New TMR Surgery Helps Patients Control Prosthetic Arms

February 11, 2009 at 11:00 am Leave a comment

A US study shows that a new type of surgery called pattern recognition technique with targeted muscle reinnervation (TMR) appears to help

patients with amputations to gain better control of prosthetic arms.

The research comes from the Rehabilitation Institute of Chicago (RIC) and is published as a paper in the February 11 issue of JAMA, Journal of

the American Medical Association.

Current technology for patients who have had an arm amputated are body-powered: the prosthetic arm captures remaining shoulder motion with a

harness and transfers it through a cable to enable the patient to operate the hand, wrist or elbow. This only partially restores the ability to use an arm

and hand because the patient can’t operate more than one joint at a time, wrote the authors in their background information.

The challenge is to restore the nerve-control that is lost when the arm is amputated. This is where TMR comes in: it transfers remaining arm nerves to

chest or upper arm muscles that don’t work any more because the limb is no longer there, and special prostheses can use electromyogram (EMG)

signals (electrical signals used in muscle contraction) from the residual limb muscles to control motorized arm joints.

The idea is that once nerve function is restored, the TMR reinnervated muscles give the right EMG signals to control the elbow, wrist and hand of the

artificial arm. However, what is somewhat new territory is whether the reinnervated muscles can give stable and accurate EMG signals that enable the

patient to control the artificial arm in “real time”: can they just think what they want the arm to do and it responds almost immediately, with the right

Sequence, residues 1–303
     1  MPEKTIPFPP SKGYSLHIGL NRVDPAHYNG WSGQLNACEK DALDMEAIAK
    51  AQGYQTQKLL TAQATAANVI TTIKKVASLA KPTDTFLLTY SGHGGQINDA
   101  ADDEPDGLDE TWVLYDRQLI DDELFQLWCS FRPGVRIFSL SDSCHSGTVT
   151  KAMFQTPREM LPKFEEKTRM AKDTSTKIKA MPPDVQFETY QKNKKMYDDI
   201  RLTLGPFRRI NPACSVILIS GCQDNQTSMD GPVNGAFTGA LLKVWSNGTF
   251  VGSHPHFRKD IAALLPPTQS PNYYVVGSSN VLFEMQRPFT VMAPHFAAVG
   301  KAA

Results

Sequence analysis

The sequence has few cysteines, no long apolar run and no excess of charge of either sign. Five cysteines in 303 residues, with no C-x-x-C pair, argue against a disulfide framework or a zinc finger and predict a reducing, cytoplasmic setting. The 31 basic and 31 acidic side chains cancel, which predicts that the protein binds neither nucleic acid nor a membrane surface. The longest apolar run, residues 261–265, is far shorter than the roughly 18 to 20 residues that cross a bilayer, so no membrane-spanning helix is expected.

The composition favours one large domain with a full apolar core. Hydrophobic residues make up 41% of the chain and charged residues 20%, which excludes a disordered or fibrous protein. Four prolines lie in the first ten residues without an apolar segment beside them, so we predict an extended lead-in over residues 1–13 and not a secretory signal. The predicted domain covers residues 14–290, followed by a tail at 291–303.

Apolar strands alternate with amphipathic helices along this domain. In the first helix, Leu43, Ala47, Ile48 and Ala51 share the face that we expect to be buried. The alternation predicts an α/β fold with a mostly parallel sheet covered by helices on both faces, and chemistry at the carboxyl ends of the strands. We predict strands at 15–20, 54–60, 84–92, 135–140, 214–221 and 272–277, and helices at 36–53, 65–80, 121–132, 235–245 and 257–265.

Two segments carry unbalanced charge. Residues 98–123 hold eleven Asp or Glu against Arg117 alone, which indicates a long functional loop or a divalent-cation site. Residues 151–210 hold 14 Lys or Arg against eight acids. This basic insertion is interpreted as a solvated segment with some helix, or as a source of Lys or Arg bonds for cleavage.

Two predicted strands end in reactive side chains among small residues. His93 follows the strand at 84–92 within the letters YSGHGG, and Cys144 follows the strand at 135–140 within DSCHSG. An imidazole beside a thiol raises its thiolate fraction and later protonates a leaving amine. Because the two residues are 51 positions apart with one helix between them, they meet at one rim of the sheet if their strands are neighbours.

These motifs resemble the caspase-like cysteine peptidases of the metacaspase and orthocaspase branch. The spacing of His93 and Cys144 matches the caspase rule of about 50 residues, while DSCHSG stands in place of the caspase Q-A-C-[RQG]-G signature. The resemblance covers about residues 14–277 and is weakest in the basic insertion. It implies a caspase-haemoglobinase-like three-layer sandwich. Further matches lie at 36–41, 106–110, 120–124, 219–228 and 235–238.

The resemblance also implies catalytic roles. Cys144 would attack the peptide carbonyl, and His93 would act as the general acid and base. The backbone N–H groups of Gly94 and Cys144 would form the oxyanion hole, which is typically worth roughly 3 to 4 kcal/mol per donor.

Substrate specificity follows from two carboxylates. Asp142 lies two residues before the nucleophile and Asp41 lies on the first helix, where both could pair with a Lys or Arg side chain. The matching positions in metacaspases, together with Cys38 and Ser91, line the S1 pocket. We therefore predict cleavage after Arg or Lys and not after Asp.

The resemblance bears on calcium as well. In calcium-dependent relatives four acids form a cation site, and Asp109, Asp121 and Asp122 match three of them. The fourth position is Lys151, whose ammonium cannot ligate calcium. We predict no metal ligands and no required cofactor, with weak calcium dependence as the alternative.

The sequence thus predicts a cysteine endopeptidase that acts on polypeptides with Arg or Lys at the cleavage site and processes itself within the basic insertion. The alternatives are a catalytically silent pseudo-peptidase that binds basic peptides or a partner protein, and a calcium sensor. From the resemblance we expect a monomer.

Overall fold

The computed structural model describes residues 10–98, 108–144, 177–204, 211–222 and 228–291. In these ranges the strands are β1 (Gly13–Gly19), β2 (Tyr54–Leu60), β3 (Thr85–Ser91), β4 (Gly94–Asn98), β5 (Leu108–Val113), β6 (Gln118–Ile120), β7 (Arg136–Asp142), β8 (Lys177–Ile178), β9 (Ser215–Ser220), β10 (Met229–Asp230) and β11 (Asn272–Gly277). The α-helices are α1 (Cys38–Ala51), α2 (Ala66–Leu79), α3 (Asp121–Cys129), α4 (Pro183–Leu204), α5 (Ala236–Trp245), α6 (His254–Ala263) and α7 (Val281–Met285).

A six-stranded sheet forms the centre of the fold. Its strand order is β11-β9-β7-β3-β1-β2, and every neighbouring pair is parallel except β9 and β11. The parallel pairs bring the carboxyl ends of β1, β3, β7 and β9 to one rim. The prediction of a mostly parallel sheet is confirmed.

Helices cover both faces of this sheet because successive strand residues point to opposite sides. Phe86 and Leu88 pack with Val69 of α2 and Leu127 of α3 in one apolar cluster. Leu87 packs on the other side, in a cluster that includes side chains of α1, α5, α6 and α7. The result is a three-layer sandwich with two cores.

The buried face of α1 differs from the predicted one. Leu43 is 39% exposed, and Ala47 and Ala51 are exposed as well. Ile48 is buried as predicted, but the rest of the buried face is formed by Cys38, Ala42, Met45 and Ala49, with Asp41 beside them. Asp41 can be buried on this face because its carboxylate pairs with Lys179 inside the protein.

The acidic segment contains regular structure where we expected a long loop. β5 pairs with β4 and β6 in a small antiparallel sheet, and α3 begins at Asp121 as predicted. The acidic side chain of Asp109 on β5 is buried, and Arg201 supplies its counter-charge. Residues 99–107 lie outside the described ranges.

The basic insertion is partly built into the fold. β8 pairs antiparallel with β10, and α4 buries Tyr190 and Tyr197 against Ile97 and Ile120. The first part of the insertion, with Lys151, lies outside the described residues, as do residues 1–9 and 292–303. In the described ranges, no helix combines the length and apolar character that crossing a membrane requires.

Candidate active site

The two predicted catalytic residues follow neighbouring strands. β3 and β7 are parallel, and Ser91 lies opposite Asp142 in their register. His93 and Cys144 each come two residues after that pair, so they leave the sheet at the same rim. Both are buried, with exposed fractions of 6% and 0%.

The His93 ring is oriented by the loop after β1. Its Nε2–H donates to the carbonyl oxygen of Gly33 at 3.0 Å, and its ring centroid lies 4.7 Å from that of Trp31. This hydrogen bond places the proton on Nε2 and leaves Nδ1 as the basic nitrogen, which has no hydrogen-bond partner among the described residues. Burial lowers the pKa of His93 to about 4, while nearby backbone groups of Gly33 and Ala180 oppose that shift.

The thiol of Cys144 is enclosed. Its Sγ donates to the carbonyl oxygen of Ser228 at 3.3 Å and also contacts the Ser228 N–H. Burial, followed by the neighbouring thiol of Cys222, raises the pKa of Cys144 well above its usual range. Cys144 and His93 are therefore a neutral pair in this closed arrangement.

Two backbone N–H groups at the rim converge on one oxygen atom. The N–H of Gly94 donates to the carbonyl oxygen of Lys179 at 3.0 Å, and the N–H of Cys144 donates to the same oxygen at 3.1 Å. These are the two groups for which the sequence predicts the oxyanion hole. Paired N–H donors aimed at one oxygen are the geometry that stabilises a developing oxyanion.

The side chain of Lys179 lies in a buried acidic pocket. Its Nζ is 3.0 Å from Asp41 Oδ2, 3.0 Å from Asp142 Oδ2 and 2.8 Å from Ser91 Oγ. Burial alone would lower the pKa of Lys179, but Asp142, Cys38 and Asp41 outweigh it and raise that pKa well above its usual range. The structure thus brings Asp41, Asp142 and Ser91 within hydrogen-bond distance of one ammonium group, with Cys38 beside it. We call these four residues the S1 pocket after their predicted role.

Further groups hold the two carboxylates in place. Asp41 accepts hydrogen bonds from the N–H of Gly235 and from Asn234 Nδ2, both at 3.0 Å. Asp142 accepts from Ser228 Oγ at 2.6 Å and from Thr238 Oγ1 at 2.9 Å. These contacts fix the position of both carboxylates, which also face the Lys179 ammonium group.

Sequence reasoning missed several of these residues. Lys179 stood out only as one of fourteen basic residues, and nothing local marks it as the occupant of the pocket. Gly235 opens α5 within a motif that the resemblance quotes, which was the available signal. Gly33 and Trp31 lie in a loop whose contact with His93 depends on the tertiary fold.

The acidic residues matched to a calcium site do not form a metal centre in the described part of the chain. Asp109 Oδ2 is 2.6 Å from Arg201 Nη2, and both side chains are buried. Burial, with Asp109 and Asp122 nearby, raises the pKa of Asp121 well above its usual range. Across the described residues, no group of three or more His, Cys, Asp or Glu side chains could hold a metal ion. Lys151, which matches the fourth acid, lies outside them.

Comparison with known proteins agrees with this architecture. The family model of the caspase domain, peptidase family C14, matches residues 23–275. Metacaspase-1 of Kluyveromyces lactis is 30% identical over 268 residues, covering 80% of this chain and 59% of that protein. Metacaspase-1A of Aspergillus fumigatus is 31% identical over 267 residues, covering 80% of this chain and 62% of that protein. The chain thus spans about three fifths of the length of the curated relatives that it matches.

For the study, which took place between January 2007 and January 2008, Dr Todd A Kuiken, who is director of the RIC Center for Bionic Medicine,

and colleagues, assessed the performance of five participants with upper limb amputation who had had TMR surgery. They also assessed five

participants who did not have amputations for comparison (the controls).

The researchers asked the participants to move their arm in various ways, and assessed their ability to control their arm and speed of movement

selection and movement completion, as well as their ability to complete the movement.

The results showed that:

  • The average motion selection times for elbow and wrist movements such as flexing and extending the elbow, rotating, flexing and extending the

    wrist, was 0.22 seconds for TMR participants and 0.16 seconds for the controls.

  • The average motion completion rate for elbow and wrist movements was high: 96.3 per cent for TMR participants and 100 per cent for


  • The average motion completion times for elbow and wrist was 1.29 seconds for TMR participants and 1.08 seconds for the controls.

  • Hand grasps took longer to complete than arm movements for both groups.

  • The average motion completion time for hand grasps was 1.54 seconds for TMR participants and 1.26 seconds for the controls.